This story was originally published by the Guardian and is reproduced here as part of the Climate Desk collaboration.
The critical ability of wild bumblebees to keep their colonies at the right temperature is seriously damaged by the weedkiller glyphosate, research has revealed.
Glyphosate is the most widely used pesticide in history, intended to kill only plants. The harm to bumblebees—vital pollinators—was not identified in regulatory risk assessments, which only test whether a pesticide rapidly kills healthy, individual bees. However, the collective failure to regulate colony temperature could have a massive impact on its ability to produce the next generation, the scientists said.
The damage seen in the study occurred when the colonies were running short of food. This is common in farming regions, where wildflowers can be killed directly by glyphosate. The research is the first on wild bees, of which there are 20,000 species, though glyphosate had already been shown to harm honeybees by damaging larvae and the senses of adults.
Standard risk assessments are performed on well-fed, parasite-free bees, not affected by the many stresses they encounter in the real world. The severe decline of many insects reported in recent years has been described by scientists as “frightening” and “tearing apart the tapestry of life.”
“The tests will miss sublethal effects and, in the case of the bumblebees, this directly impacts on whether a colony will reproduce or not,” said Dr Anja Weidenmüller at the University of Konstanz, Germany, who led the study. “In our agricultural landscapes, [food shortage] is a very common stressor that’s more normal than unusual.”
The study, published in the journal Science, examined colonies of buff-tailed bumblebees, one of the most numerous bumblebee species in Europe, and often used to represent wild bees in toxicity studies. These bees can raise their body temperature to incubate the colony’s brood, which uses up as much energy as flying.
Fifteen colonies were divided into two halves by a wire mesh, with one half exposed to glyphosate at levels seen in fields. The exposed bees were able to keep the nest temperature above 28C (82.4F) for 25 percent less time than unexposed bees. “That can have massive effects on colony growth,” said Weidenmüller.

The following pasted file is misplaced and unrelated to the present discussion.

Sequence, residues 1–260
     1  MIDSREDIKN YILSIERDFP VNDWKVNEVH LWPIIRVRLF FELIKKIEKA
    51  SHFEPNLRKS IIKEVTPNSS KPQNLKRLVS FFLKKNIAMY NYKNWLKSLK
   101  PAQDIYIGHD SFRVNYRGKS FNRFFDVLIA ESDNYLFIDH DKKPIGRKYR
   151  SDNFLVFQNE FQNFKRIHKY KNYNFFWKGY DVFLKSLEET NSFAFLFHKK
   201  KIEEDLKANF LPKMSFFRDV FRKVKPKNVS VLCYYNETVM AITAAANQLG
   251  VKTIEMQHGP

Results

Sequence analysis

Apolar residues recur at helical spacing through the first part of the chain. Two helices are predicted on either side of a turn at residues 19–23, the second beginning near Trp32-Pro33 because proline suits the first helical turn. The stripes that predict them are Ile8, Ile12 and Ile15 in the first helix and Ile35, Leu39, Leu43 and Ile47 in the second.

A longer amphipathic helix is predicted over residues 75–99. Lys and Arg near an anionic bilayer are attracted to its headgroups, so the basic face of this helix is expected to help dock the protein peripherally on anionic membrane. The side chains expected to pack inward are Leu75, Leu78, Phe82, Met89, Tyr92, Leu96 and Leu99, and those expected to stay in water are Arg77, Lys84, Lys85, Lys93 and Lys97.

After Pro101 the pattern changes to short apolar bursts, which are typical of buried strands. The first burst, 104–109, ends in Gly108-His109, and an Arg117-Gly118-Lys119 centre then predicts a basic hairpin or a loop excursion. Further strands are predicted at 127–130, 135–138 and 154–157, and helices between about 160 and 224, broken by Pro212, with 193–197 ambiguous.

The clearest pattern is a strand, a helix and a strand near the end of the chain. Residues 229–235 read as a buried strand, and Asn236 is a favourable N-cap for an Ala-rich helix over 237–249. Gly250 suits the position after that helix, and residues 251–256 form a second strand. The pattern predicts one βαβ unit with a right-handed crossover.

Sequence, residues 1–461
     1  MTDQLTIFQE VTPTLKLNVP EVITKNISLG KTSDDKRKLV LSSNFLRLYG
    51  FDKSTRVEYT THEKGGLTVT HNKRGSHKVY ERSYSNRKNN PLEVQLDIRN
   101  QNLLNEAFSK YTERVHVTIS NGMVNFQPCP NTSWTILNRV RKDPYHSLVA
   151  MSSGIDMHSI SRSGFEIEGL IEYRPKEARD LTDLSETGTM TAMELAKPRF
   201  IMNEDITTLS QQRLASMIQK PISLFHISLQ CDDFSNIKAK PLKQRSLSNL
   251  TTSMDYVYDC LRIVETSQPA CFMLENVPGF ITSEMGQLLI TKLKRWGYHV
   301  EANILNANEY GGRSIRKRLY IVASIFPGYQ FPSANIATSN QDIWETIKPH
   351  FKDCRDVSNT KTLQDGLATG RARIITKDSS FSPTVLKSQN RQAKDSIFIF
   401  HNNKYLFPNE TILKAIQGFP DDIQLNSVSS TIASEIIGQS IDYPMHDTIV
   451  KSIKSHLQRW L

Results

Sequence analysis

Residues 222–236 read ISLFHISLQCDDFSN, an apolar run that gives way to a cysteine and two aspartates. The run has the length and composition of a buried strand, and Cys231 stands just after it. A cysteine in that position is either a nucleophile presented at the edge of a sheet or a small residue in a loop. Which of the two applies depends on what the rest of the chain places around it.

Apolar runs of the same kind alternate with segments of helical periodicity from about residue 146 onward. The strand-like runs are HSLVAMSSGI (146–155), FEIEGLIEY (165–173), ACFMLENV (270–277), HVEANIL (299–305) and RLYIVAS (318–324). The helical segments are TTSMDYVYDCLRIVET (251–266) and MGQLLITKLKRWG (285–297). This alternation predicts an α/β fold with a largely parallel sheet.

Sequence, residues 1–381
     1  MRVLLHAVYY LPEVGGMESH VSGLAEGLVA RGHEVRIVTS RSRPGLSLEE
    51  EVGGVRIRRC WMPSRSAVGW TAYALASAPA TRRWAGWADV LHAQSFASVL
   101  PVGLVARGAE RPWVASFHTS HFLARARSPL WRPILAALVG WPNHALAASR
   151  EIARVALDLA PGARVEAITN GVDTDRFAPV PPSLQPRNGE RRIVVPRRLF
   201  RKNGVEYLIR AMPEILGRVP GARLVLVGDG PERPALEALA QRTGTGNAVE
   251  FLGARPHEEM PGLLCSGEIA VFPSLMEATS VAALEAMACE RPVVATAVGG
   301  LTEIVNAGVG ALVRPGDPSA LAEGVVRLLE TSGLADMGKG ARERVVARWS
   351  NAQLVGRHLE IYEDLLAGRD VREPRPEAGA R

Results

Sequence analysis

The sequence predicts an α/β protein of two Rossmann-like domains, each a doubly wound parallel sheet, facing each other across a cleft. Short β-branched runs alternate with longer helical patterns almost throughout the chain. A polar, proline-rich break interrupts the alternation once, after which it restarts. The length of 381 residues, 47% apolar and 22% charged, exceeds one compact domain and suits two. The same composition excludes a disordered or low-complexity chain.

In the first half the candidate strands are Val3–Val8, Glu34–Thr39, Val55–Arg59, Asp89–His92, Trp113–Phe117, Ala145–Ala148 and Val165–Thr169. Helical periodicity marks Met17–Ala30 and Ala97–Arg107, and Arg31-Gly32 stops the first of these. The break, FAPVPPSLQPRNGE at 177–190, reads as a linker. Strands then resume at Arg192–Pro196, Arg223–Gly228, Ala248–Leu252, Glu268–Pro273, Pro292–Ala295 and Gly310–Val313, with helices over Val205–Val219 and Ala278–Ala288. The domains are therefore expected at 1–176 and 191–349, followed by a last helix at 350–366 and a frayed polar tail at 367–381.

The ideal temperature for the brood to develop is 30-35C. Below 28C development stops and at 25C only 17 percent of the larvae survive. The short flowering season means delayed development is very damaging. “There’s a race to reach the colony size [needed to produce new queens], so if you think of glyphosate imposing a time cost on them, they pay for it heavily,” she said.
Determining how glyphosate causes the damage requires more research, but it is known to harm the microbiome in the guts of honeybees and is likely to do the same in bumblebees. This could mean the bumblebees need to spend more time feeding and less time heating the nest. The pesticide could also damage the bumblebees’ senses, disrupting the complex social interactions needed for a successful colony.
“Bumblebees are a vitally important group of pollinators [and] the new findings are especially important given the widespread global use of glyphosate,” said Prof James Crall, at the University of Wisconsin–Madison, who was not part of the study team. “[Current] environmental safety testing is insufficient for identifying often unpredictable effects on behavior, physiology, or reproduction that occur at sublethal exposures.”
Crall said a possible practical upside of the new study was that it showed providing more food for wild bees could mitigate the damage of glyphosate, highlighting the value of establishing wildflowers and native habitat in agricultural areas.
A chief scientific adviser to the UK government warned in 2017 that the assumption by regulators around the world that it was safe to use pesticides at industrial scales across landscapes was false. The virtual absence of monitoring of their effects in the environment meant it could take years for the impacts to become apparent, said Prof Sir Ian Boyd, now at the University of St Andrews in Scotland.
“Glyphosate has been on the market for over 40 years now,” said Weidenmüller. “It was long declared to be harmless for animals. But more and more studies are showing that is not the case.”
The World Health Organization’s International Agency for Research on Cancer classified glyphosate as a probable human carcinogen in 2015, and billions of dollars have been paid to settle lawsuits. However, an assessment published by the EU’s chemicals agency on Monday concluded that classifying glyphosate as a carcinogen was not justified.
Dolores Romano, at the European Environmental Bureau, said: “This shows the urgent need to address the systemic deficiencies of the process to classify hazardous chemicals in the EU, such as the extremely high level of evidence required, the major gaps of data sources, the dismissal of independent scientific evidence and the lack of a precautionary approach.”